312th Tactical Fighter Training Squadron (USAF AETC)

"Scorpions" 

312 TFTS "Scorpions" (USAF AETC)
Status:
Disbanded
Version: F-16C/D block 42
Role:Training
Tailband: Black & Red
Motto: N/A
Badge: N/A
Disbanded on January 18th, 1991.

Sideways profile for the 312th TFTS in 1987.

F-16 History

In order to keep up with qualifying enough pilots to match the production of F-16s coming out of Fort Worth, new training squadrons needed to be formed. In the mid 1980s there was a real rush at Luke AFB to get these new squadrons operational. To add to the confusion, the latest F-16s were of the new C/D models which required a different training sylabus. In late 1984 the 312th TFTS was formed mostly with F-16C/D block 25s that were coming off the assembly line. On December 7th, 1984 the first aircraft was received, #83-1121, carrying special markings on the fuselage stating it was F-16C No 1. Truthfully the first F-16C was the first production model F-16C #83-1118 which was also received by the 312th TFTS and was also marked with F-16C No1. The squadrons' first commander, Lt. Col. Steve Plummer, and the 314th Operations Officer went for training at the Fort Worth plant from the General Dynamics pilots. When they returned an F-16A to F-16C model conversion syllabus was written. The 312th TFTS was the first unit to receive operational F-16Cs in the form of block 25s.

A majority of the squadrons pilots had just returned from Kunsan which resulted in a tight knit group with close to a dozen former 35th TFS and a few 80th TFS guys.

First couple of years were spent flying the CX course. This consisted of six or more flights teaching A model Viper pilots the C model differences which also included using the F-16D version.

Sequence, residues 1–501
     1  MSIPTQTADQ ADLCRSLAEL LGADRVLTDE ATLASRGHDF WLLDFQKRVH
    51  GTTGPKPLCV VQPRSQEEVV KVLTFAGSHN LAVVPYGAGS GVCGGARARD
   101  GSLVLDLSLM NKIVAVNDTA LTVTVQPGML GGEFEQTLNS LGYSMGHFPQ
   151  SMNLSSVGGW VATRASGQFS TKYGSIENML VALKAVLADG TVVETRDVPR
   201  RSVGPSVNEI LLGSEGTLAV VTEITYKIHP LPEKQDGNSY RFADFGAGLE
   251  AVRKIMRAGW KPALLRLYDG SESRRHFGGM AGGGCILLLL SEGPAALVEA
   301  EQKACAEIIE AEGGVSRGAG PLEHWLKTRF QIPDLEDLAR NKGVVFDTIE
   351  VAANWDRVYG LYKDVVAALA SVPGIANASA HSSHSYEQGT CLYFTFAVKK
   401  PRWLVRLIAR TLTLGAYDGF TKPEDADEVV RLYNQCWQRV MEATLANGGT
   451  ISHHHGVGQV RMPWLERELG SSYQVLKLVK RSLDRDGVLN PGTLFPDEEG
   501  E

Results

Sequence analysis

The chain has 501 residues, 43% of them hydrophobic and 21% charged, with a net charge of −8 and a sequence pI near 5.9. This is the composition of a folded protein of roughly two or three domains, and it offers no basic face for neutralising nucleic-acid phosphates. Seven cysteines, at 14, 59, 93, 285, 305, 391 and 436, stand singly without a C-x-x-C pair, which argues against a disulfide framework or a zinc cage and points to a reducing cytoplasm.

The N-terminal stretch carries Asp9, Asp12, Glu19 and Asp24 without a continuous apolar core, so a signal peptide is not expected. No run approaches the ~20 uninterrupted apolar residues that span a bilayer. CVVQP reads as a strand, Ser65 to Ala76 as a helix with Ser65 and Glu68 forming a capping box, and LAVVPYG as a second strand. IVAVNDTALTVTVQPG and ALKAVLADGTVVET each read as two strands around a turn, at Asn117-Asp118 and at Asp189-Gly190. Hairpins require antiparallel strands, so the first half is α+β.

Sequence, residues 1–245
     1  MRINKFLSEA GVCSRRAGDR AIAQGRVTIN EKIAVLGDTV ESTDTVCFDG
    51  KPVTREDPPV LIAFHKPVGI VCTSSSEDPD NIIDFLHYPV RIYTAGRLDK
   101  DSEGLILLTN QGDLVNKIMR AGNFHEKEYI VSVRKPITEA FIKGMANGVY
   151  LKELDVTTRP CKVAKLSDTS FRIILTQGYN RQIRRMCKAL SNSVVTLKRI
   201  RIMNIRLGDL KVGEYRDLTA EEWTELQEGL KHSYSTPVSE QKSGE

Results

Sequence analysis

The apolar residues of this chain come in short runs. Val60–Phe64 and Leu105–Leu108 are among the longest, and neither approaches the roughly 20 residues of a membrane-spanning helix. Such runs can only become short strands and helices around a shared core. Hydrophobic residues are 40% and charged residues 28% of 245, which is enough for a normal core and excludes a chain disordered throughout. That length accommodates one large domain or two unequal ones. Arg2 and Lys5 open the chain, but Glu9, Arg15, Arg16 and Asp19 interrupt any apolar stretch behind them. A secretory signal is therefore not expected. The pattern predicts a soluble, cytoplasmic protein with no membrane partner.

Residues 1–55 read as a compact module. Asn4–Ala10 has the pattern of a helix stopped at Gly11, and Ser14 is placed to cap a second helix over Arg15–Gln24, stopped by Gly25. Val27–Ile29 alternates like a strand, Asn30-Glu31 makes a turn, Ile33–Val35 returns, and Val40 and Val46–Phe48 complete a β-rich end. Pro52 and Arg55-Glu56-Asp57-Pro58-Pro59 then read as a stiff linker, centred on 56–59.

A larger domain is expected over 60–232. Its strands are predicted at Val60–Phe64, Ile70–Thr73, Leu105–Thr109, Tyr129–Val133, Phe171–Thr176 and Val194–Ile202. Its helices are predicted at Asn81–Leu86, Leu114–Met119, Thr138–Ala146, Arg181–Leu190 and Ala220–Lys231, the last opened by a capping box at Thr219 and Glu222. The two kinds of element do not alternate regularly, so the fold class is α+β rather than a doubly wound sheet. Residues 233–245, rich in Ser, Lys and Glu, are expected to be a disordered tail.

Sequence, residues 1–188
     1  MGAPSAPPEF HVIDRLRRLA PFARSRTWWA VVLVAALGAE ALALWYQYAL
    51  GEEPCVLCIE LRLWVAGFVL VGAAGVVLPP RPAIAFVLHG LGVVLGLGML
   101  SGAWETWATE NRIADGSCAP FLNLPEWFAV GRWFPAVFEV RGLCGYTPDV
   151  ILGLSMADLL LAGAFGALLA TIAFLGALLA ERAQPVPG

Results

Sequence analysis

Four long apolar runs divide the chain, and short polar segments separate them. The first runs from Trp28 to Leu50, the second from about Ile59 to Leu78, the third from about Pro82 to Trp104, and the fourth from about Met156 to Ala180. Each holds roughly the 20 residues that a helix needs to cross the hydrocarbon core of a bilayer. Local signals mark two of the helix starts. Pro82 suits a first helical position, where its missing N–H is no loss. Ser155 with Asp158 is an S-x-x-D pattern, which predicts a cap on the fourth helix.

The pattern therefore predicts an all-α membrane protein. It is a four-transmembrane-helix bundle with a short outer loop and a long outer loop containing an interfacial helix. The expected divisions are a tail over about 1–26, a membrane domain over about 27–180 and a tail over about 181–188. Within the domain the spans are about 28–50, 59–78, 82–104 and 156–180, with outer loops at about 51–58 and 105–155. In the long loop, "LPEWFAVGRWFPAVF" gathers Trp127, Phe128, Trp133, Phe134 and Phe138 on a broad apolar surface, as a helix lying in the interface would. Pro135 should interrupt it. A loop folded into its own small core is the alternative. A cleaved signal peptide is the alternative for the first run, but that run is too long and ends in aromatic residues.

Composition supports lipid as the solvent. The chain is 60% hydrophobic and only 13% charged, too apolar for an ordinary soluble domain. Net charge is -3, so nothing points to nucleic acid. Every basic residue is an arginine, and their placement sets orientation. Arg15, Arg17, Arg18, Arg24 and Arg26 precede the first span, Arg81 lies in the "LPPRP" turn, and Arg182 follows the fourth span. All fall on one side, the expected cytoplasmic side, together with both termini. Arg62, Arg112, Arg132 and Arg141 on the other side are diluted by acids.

First production model of the F-16D #83-1174 of the 312th TFTS at Luke AFB, Arizona. After many years with other squadrons, it returned to Luke AFB, but now with the 62nd FS. [Photo by Mike Kopack]

In the late 1980s the 312th TFTS began instructing FMS students in CX-I courses. Teaching pilots from countries such as Korea, Egypt and many other nations the CX and then straight into an Instructor course. The following is a quote from a 312th pilot who talked about early training days with the RoKAF and delivery of some of their Vipers: Not all bad...got to deliver the first two RoKAF F-16Ds to Kunsan with Wolfman Cary. Flew the pond with the two RoKAF guys in the backseat. Not a bad way to travel...Maj. Ko would wake me up for the refuelings. The hop from Hickam to Kunsan was 10.3 hours. Compounded that by having to hang around the EOR after landing for 45 minutes while the ROKs changed the USAF markings to RoKAF so we could taxi in and present the jets to the ROK Chief of Staff. Got presented some RoKAF pilot wings and ate all the snails rolled in peanuts, kimchi, and garlic we could stand.

In late 1989 the squadron began to receive factory fresh F-16C/D block 42s. Unfortunately the 312th TFTS did not last long with the block 42 and disbanded in January of 1991.


USAF F-16C block 25 #84-1255 of the 312th TFTS parked on the flightline. This aircraft was written off on June 27th, 1997. [Photo by Frank Ertl]

Aircraft Markings History

1984 - 1991

Black tail band with red trim adorned the 312th TFTS F-16s with the standard 'LF' tail code used on all Luke Vipers. In some cases, a red star was added to the black stripe. The stars were awards for 'jet of the month' so not all jets had them. They were stenciled on by the Dedicated Crew Chief. The stars stayed on until the next time the aircraft was sent to be painted. More than one star would be applied if the jet was awarded more than once.


Unit History

  • 1942: Activation of the squadron in Harding, Louisiana
  • 1942: P-39 'Airacobra' (part of 58 PG)
  • 1942: P-39 'Airacobra' (Dale Mabry Field, Florida)
  • 1943: P-47 'Thunderbolt' (Perry AAF, Florida)
  • 1944: P-40F 'Warhawk'
  • 1944: Disbanded
  • 1984: Activation of the squadron in Luke, Arizona
  • 1984: F-16C/D 'Fighting Falcon' (part of 58 TTW)
  • 1991: Disbanded

F-16 Airframe Inventory

Photos

Errors and Omissions



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